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How your smartphone can be used to spy on you

In today’s connected world, everyone uses their phone to manage their life. While most know that everything we do online can be tracked, how worried should we be about smartphone spying, and what can we do to stop it?

Today we all expect high-quality digital services, and we prefer these services to be free. What we typically don’t realize is that when an online service is free there is usually a trade off – and the way you pay for the service is by allowing access to your data. With the many free apps available across the Apple and Google ecosystems, this is exactly what happens. When a user downloads and installs a new app, they will often have to accept a terms and conditions document. Almost nobody reads these even though they outline exactly how much data the app can access and what it can do with this data.

This is the price that everyone pays for having access to services like mapping, weather, social media, online payments, ride-sharing, music, and video streaming – all the digital services that we rely on in day to day life. Access to your data is usually framed as being necessary to provide you with better services – but viewed through a different lens, it could just as easily be called ‘smartphone spying’. In this article, we’ll look at how your smartphone can be used to spy on you – and what you can do to stop it.

Can the government see through your phone camera?

If they wanted to, there is no technical reason why they couldn’t. Here are three ways your phone spies on you.

1. Your smartphone camera

When former FBI director James Comey was asked at a conference at the Center for Strategic and International Studies in 2016 whether he covers his laptop camera, he responded, “There are some sensible things you should be doing, and that’s one of them.” It seems that Facebook’s Mark Zuckerberg agrees. He is known to cover his laptop camera and microphone with tape – and whatever can be done to a laptop camera, can be done to a smartphone camera.

In 2013, when NSA whistleblower Edward Snowden showed the world the capabilities the global intelligence agencies have to spy on their citizens, it became clear that everyone can be watched. More recently, Snowden has made the point that security agencies now prioritize spying via cell phones. In an interview on the Joe Rogan Experience on October 23, 2019, Snowden said, “The big thing that has changed since 2013 is now it’s mobile-first everything. Mobile was still a big deal and the intelligence community was very much grappling to get its hands around it and to deal with it. But now, people are less likely to use laptops, desktops, or any kind of wired phone, then they are to use a smartphone. And both Apple and Android devices, unfortunately, are not especially good in protecting your privacy.”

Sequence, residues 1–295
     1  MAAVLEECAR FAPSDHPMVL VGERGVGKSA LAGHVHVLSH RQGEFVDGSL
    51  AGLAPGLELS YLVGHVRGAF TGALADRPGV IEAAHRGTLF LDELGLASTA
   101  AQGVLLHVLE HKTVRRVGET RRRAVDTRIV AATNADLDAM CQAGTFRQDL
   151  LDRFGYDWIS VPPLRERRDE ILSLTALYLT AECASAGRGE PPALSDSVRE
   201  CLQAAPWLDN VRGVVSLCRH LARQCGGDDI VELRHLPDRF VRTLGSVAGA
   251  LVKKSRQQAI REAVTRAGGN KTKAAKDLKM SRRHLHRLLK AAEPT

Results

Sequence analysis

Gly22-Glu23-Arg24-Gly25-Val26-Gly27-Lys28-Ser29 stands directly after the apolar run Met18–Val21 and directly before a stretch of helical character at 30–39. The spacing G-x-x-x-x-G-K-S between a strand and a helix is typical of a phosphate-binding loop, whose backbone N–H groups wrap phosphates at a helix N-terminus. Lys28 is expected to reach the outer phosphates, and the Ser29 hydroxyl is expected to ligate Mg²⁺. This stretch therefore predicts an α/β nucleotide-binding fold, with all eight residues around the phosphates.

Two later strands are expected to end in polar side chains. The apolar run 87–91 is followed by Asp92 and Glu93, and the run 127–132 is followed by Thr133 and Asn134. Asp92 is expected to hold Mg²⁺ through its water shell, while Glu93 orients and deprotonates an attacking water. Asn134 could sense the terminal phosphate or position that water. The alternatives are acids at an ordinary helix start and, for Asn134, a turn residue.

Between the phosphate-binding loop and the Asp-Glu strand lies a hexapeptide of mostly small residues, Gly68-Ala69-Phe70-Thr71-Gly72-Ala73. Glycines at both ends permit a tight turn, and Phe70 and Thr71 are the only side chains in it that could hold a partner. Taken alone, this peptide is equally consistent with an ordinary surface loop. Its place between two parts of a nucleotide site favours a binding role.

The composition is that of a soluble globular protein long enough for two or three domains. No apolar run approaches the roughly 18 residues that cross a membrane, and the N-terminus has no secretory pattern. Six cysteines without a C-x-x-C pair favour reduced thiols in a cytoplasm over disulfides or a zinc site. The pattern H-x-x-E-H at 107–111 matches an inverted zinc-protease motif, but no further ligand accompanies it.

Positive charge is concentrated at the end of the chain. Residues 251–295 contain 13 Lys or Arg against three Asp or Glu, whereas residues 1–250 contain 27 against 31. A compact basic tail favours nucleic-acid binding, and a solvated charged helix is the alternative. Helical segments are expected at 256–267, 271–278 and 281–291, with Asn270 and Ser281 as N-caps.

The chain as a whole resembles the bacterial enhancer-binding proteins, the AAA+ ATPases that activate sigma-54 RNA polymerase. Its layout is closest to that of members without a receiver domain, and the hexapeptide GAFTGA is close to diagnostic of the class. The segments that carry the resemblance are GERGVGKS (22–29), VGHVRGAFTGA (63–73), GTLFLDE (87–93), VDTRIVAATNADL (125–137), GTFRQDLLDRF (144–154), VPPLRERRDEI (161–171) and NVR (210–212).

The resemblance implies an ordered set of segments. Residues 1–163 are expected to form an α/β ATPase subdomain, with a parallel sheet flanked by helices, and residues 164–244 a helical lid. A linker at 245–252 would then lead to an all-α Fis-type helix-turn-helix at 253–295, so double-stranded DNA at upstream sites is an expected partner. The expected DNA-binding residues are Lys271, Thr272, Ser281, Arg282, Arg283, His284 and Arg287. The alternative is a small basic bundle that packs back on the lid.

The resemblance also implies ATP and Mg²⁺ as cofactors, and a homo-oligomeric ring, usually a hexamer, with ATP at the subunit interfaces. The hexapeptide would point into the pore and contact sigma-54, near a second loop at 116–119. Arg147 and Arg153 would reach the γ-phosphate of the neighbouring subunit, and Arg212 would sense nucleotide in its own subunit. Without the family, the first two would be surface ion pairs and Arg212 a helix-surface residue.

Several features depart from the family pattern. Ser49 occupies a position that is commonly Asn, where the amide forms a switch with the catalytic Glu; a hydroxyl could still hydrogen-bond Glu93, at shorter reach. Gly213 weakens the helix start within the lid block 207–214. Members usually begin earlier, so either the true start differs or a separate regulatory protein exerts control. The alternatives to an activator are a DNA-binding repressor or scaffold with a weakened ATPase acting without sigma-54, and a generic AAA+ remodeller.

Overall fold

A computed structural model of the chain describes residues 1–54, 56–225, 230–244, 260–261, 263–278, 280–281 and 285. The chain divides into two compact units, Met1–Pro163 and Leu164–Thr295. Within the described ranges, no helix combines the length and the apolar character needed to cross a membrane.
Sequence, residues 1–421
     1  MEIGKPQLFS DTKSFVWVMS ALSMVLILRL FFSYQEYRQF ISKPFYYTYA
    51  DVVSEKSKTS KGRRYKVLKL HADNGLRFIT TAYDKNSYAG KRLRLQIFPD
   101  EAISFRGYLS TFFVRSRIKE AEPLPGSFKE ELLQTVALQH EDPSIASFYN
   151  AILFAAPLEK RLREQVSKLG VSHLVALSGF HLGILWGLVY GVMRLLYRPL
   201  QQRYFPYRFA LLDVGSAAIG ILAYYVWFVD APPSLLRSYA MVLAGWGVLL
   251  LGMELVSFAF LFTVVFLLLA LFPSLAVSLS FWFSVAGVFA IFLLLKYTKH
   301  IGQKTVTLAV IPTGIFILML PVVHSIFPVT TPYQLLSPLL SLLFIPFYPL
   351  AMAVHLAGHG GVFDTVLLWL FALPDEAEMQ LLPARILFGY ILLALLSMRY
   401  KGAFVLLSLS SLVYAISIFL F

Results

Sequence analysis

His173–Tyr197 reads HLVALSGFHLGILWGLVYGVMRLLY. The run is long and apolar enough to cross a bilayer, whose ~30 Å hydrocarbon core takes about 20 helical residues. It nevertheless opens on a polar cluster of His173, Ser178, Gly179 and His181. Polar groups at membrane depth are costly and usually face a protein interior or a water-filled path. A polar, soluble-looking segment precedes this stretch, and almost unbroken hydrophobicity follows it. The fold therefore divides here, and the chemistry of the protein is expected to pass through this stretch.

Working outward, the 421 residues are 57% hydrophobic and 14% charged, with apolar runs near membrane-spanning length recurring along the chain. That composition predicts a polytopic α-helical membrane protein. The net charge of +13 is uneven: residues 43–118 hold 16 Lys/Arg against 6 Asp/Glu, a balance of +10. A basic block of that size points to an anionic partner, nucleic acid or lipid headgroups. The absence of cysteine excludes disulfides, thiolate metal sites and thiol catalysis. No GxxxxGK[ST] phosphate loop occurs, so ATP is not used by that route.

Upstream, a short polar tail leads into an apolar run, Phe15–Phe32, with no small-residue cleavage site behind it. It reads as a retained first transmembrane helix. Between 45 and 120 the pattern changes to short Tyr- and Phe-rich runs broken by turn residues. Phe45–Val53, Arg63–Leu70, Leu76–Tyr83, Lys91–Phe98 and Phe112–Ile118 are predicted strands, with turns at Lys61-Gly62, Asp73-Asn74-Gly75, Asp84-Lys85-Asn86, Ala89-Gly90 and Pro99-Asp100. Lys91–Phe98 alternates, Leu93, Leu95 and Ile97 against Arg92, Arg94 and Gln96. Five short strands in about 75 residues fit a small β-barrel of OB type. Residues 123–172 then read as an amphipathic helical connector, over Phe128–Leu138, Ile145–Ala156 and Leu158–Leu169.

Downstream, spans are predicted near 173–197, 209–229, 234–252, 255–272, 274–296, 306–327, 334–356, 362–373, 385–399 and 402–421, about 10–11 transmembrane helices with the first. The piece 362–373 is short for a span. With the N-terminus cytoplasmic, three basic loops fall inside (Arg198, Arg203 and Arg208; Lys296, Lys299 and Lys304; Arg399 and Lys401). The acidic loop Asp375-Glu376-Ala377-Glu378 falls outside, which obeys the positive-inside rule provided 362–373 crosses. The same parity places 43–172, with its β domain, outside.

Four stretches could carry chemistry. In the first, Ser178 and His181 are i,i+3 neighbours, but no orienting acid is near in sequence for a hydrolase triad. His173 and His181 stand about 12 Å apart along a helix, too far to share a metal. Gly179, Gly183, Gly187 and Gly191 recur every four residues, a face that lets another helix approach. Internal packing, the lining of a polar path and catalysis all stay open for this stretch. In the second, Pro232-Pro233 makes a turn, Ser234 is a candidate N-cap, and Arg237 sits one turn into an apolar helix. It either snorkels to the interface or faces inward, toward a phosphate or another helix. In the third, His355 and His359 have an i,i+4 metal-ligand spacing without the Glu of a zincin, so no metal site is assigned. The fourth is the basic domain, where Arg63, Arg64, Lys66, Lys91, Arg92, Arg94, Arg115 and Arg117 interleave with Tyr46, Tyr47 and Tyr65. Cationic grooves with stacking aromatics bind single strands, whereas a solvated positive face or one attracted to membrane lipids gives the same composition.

In November 2019, Google confirmed that this was a risk for “hundreds of millions of smartphone users” after a flaw allowed hackers to gain access to Android phone cameras.

2. Your smartphone microphone

For anyone who has ever asked ‘is my phone listening to me?’ The answer is a resounding yes. That is what they’re built for after all. Apple admitted in 2019 that it had been doing this for years as part of its Siri project, and it issued an apology with all the usual mitigating language about how it was just to improve the service. The idea that our phones can listen in on conversations became a topic in recent years when platforms like Facebook seemed to start serving ads to people based on conversations they had had when their phone was in the room. According to a survey of 1,000 American adults in the US conducted by Consumer Reports, 43% of Americans who own smartphones believe their device is listening in on them.

While a Facebook spokesperson stated in 2016 that the company “does not use your phone’s microphone to inform ads or to change what you see in News Feed," it is difficult to believe them given the whole Cambridge Analytica scandal. In this case, what users thought was a harmless Facebook application, was used to harvest the personal details of millions of Facebook users, and this data was eventually used for political purposes in the 2016 US election.

What we do know for sure is that it is not difficult at all to access a smartphone’s microphone and listen in on conversations. If you download an app and grant it access to your microphone (which we do routinely), it can switch it on and listen.